What does a typical day look like for you? The nature of my role means that it’s difficult to describe a “typical” day. I can be in meetings with potential clients, touring a job with a potential partner organization, researching databases for new leads or putting together a proposal for submission. The variety is one of the reasons I love my job. What do you see in the future for ABI?


The future looks bright with record breaking projects like the Dardanelles Crossing and Julsundet Bridge in the pipeline in Europe. We’ll also be looking to build on our reputation for rehabilitation projects that we’ve established on the Severn Cable Inspection by winning more jobs of a similar nature. In a similar manner to the US, there are numerous 1950’s and 60’s-era bridges in the UK that, due to a lack of maintenance, are deteriorating and require major structural rehabilitation in the next

My ambition is for ABI to be identified as the partner of choice by our clients when implementing a strategic maintenance program for their assets.

few years. This, coupled with the fact that there are

I’m passionate about adding to this legacy by identifying new technologies that can assist us in generating greater value for our clients. There are a number of exciting innovations in structural health monitoring and maintenance programming that have the potential to revolutionize how our clients manage and maintain their assets. My ambition is for ABI to be identified as the partner of choice by our clients when implementing a strategic maintenance program for their assets.

How did you become interested in engineering and construction?

very few companies in the UK that have the expertise

I grew up in the shadow of the Humber Bridge during

and the resources to carry out this work, mean that

its construction and remember the Queen opening

there is an opportunity for ABI to aggressively gain

what was at the time (1981), the longest single span

market share and generate returns over and above those

suspension bridge in the world. Ever since then I’ve

typically achieved in the UK. We already have excellent

always taken an interest in major engineering projects,

relationships with the various bridge authorities and top

including the Channel Tunnel, Heathrow T5, the Boston

level consultants in the UK, cultivated over ten years

Big Dig and the Burj Khalifa. After leaving University

delivering main cable rehabilitation projects, access

with a Degree in Science, I studied for my MBA, then

gantries, bearing replacement, etc.

went to work in the oil & gas industry. I started my career working five years marketing and delivering

What are the highlights of your experiences at AB so far? It sounds cliché, but there have been so many highlights it’s hard to cover them all. Working with great people to produce fantastic bids, traveling to the top of the towers on Queensferry and Tappan Zee, and attending my first Annual Meeting at Nemacolin are just a few. The biggest highlights have to be learning that we’d won the Severn Cable Inspection and Delaware Memorial Dehumidification contracts though. After tracking these for over three years it was incredibly satisfying for Jim (Mawson) and me to learn we’d been successful. What are you looking forward to as AB steps more and more into the construction market overseas? I really like working on large complex bids, so I’m looking forward to getting my teeth into some more of these over the coming months. Developing the ABI brand is also something I’m really passionate about, though it might surprise some people just how strong our reputation is already in these parts. American Bridge has a long history of innovating in order to differentiate ourselves from our competitors.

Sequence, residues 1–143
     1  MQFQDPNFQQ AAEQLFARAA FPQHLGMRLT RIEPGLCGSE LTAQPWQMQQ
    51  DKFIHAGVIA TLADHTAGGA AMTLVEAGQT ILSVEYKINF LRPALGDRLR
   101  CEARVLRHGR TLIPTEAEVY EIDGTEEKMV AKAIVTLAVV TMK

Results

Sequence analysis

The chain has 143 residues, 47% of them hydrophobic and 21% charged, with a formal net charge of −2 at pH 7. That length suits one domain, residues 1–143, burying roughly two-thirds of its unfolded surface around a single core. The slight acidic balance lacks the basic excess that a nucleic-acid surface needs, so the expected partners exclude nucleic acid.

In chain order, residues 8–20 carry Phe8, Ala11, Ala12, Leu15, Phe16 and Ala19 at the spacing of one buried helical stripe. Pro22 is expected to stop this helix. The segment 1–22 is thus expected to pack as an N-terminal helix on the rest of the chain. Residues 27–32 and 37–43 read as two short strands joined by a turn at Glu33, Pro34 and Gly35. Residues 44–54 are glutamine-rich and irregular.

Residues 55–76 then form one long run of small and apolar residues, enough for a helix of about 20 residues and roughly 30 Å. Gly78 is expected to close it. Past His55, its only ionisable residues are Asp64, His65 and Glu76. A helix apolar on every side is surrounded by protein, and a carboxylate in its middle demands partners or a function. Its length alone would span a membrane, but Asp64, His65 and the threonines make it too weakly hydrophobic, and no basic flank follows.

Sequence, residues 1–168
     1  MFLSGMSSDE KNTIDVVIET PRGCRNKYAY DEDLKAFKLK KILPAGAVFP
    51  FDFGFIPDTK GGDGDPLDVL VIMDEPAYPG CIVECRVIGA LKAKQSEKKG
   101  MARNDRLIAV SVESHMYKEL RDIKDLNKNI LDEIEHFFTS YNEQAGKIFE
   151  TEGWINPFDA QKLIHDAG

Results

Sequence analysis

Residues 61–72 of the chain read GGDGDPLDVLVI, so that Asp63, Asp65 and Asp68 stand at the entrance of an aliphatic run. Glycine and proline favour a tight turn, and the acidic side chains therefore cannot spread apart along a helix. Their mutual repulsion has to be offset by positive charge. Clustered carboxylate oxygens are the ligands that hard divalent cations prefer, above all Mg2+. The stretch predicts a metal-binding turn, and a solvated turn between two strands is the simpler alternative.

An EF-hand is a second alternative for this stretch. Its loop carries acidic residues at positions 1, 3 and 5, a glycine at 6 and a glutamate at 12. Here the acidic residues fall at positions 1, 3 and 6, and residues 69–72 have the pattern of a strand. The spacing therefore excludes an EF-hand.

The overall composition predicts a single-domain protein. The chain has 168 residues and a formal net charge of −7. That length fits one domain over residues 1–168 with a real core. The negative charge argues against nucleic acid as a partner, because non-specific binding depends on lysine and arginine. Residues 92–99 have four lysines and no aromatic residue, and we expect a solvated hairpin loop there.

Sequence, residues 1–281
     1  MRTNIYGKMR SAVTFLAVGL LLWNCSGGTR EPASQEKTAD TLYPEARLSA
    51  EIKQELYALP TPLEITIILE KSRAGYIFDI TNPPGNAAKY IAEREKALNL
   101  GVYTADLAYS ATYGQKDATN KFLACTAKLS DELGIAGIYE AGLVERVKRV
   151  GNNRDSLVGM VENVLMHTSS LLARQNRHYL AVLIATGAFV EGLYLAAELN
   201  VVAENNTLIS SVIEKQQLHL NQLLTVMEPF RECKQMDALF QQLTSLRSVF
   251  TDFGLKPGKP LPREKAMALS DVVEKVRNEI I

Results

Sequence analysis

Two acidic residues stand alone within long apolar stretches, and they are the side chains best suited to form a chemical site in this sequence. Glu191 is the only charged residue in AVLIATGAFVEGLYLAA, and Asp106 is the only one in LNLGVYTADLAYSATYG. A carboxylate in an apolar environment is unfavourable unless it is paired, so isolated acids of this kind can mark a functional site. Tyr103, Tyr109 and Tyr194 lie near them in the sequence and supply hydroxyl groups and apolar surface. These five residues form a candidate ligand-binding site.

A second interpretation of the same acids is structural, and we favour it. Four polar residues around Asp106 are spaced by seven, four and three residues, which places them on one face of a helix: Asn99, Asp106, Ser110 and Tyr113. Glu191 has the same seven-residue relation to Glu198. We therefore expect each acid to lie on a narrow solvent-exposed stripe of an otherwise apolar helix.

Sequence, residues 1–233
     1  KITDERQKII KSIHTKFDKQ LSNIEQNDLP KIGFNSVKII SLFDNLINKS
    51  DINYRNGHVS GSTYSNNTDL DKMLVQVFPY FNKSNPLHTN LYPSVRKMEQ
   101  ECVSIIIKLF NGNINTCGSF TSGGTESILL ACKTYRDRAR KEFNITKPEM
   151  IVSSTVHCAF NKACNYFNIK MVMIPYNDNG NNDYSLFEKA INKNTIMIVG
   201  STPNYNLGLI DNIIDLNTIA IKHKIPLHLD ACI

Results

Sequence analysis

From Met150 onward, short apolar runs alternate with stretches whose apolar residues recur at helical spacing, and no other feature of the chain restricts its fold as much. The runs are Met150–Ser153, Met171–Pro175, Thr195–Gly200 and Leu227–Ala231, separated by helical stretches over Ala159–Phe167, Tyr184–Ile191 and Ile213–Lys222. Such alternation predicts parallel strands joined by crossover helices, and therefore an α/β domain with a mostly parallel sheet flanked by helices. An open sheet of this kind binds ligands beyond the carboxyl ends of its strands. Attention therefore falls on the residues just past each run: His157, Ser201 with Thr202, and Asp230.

proposals for a company that supplied operations and maintenance documentation for oil rigs, LNG plants and nuclear power stations. I was then approached to do a similar job for a strategic safety consultancy, who performed risk assessments including the statistical analyses of gas cloud dispersal patterns, and failure modes, effects and criticality analysis of safety and mission critical equipment. I then joined Spencer Group where I met Jim and worked alongside him to deliver proposals for major bridge rehabilitation schemes. Our work took us to Halifax, Nova Scotia to bid to AB for the dehumidification of the Angus Macdonald Bridge. Shortly after that I joined AB, and the rest is history! What are some of your interests outside of work? I’ve been a fan of the National Hockey League, and more specifically a Colorado Avalanche fan since they moved from Quebec in 1996 and also follow soccer and rugby in the UK. I’m also a craft beer enthusiast and whilst in the US have taken the opportunity to sample many from excellent breweries like Long Trail, Yards, Firestone Walker, and of course Fatheads.




How did your previous experiences prepare you for

has allowed me to develop relationships with bridge

your position as AB’s Operations Manager of UK

owners and I have brought those relationships with

and Europe?

me to AB. The bridge community globally is tight-

I have 18 years of experience in civil engineering; I spent seven years tunneling under the UK, Singapore, and Hong Kong, three years in railroads, and the last eight years working on large bridges. All of this has provided me with adequate experience in the general world of civils including the safety, quality, planning, and commercial aspects. In my previous